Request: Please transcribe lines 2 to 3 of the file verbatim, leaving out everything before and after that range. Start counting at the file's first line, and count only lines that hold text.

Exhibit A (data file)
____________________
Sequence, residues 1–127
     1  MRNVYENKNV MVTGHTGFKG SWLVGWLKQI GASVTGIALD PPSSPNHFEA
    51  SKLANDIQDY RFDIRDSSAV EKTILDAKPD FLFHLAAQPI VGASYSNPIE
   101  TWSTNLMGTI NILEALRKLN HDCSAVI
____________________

     1  MRNVYENKNV MVTGHTGFKG SWLVGWLKQI GASVTGIALD PPSSPNHFEA
    51  SKLANDIQDY RFDIRDSSAV EKTILDAKPD FLFHLAAQPI VGASYSNPIE